Dan McFarland would rather not reveal how Ulster are shaping up ahead of the most formidable away trip in Europe this week.
Then again, the Ulster coach would much rather prefer to know what exactly it is he cannot reveal.
They say no news is good news – and others still that no journalists is even better news, confound them – but for McFarland’s side, the precise opposite is the case.
They have no news about whether their World Cup winner Duane Vermeulen is available. Nor their inspirational captain, Iain Henderson. Nor indeed a fit and able hooker who might be able to toss the ball in their general direction at lineout time.
After ending Saturday’s shambolic defeat to the one-paced Ospreys with a prop lobbing in the pills from the touchline, Ulster are in a decidedly dodgy state of preparedness.
Not the place to be as they prepare to lock horns with a perennially formidable Clermont outfit now led by the man, Jono Gibbes, who caused such a storm up north when walking out on the province three years ago.
“It’s a quite complicated one this week so we’ll leave that one until Wednesday,” says McFarland, not of the confounded Gibbes, but of his injury crisis, particularly at hooker, before repeating the answer when a different question is asked about Covid-stricken Vermuelen.
“Hypothetically, it would definitely be great to have him and if he were fit and up and running,” he sighs.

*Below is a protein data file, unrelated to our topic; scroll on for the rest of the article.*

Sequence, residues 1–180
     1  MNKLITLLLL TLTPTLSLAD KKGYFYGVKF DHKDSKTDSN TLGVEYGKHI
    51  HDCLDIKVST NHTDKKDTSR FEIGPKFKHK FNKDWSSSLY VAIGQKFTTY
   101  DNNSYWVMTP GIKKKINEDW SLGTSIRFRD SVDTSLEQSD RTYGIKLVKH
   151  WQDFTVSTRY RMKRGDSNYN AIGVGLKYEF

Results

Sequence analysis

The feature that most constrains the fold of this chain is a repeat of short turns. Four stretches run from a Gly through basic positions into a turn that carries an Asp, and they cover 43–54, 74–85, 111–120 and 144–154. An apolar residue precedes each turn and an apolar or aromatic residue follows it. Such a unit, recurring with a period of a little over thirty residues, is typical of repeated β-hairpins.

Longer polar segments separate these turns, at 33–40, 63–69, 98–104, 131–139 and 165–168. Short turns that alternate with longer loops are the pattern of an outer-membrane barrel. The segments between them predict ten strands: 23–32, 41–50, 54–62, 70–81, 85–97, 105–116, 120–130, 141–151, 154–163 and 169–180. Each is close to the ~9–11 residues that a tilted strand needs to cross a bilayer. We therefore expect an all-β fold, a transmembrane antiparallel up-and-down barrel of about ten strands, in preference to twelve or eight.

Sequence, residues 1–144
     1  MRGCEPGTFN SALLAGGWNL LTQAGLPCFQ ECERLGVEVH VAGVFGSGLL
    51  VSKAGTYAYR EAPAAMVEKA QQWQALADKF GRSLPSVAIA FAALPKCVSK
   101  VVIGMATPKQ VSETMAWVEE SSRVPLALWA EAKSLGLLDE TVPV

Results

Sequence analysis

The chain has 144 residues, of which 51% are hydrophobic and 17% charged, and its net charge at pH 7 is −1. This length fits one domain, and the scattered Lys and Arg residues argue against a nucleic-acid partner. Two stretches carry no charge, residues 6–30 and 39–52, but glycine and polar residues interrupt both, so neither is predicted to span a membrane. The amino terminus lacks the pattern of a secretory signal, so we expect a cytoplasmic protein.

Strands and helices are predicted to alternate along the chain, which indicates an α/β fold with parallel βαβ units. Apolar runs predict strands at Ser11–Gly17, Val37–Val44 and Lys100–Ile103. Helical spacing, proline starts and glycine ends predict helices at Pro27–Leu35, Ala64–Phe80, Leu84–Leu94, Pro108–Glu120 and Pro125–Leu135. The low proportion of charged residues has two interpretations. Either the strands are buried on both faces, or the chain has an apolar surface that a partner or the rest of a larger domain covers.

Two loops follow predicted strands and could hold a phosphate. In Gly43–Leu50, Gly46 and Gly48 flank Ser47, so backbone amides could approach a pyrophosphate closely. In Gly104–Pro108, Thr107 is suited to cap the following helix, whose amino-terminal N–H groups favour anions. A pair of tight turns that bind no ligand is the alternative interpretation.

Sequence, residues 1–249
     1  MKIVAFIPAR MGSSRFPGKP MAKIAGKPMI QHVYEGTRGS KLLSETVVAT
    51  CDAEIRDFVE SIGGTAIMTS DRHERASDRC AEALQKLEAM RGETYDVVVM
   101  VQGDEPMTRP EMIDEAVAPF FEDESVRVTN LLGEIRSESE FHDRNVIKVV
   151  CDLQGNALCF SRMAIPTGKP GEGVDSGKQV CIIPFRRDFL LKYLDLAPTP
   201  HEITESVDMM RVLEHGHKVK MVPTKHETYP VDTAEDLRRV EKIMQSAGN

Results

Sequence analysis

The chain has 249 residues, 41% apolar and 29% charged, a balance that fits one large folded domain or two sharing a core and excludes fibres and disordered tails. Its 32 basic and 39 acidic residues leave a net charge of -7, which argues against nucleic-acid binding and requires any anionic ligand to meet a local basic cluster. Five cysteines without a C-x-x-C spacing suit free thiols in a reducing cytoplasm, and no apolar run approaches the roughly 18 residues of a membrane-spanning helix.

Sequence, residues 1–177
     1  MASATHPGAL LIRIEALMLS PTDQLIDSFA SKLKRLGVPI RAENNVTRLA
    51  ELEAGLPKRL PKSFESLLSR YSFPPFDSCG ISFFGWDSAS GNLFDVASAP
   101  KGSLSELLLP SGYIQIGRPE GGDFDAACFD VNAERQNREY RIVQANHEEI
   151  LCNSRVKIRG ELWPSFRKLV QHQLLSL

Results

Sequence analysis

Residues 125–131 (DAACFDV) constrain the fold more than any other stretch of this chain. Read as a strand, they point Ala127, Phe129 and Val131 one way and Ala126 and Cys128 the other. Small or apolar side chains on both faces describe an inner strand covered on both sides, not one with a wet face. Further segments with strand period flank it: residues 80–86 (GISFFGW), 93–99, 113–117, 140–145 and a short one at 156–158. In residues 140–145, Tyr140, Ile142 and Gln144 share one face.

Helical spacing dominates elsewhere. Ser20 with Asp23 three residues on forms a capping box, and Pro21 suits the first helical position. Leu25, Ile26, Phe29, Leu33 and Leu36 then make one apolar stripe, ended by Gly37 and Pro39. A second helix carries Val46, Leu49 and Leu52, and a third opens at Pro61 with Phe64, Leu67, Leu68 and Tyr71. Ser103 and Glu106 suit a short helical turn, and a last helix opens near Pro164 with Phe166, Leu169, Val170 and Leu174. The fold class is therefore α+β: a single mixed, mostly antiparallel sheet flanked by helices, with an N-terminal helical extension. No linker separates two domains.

Contests between this pair have leaned definitively towards home advantage being key in the previous three times they have been paired together; when they first met, Ulster propelled themselves all the way to their most recent final appearance.
McFarland was in charge two seasons ago when the spoils were again shared; with only four pool games in the revamped competition, the margins are even tighter this season, compounding the sense of unease as his side decamp to the over-bearing Marcel Michelin.
“It was tough,” says the Englishman, naturally more inclined to recall the positive home outing. “We were reminiscing earlier. We did a lot of good that day.
“We scored a good maul try. John Cooney scored an excellent individual try as well and we had to put in some unbelievable defence. Robert Baloucoune’s try-saving tackle on George Moala was a particular highlight.
“We kept them out of our area for long periods although they scored right at the end of the game as well.
“The away game was a game we could and should have won. Sorry, could have won. It was extremely tough out there, paying in that environment is absolutely fantastic but the challenge is huge.
“On both occasions we have played against them, they have demonstrated that they have individuals who can break the game open and create something from nothing. In the first game that we played here,
“And then over there, we had a couple of moments in and around half-time that put us on the back foot. We obviously scored a great try early on in that game to put us 10-3 up.
“Listen, they’re a great team. They have a lot of superstar players who are able to make superstar plays.
“That makes the task for us one of team-work and ensuring that we can bring collective pressure with the way that we play and put that pressure on to them. It’s a brilliant task but it’s a very, very difficult one.
“I can’t over-emphasise the quality of the challenge that they pose. In the last couple of weeks, they’ve been able to bring in some of their star backs in Alivereti Raka, Damian Penaud and Camille Lopez. So we know the challenge that we have got and we’re really looking forward to it."